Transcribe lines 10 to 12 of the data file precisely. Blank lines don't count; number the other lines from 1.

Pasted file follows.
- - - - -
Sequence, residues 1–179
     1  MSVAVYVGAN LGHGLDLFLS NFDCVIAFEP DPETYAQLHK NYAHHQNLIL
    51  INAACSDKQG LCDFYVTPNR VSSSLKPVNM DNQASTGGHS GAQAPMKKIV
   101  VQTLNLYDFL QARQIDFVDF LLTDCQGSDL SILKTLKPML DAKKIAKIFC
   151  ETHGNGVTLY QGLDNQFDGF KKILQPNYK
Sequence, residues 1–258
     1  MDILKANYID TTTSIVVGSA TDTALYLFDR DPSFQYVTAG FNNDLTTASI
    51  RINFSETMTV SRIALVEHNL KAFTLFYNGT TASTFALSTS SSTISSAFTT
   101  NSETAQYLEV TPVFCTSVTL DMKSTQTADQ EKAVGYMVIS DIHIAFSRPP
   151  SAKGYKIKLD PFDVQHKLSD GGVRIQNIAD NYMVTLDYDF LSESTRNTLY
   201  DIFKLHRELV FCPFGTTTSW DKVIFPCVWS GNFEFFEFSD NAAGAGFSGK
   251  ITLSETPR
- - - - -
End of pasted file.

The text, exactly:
   151  SAKGYKIKLD PFDVQHKLSD GGVRIQNIAD NYMVTLDYDF LSESTRNTLY
   201  DIFKLHRELV FCPFGTTTSW DKVIFPCVWS GNFEFFEFSD NAAGAGFSGK
   251  ITLSETPR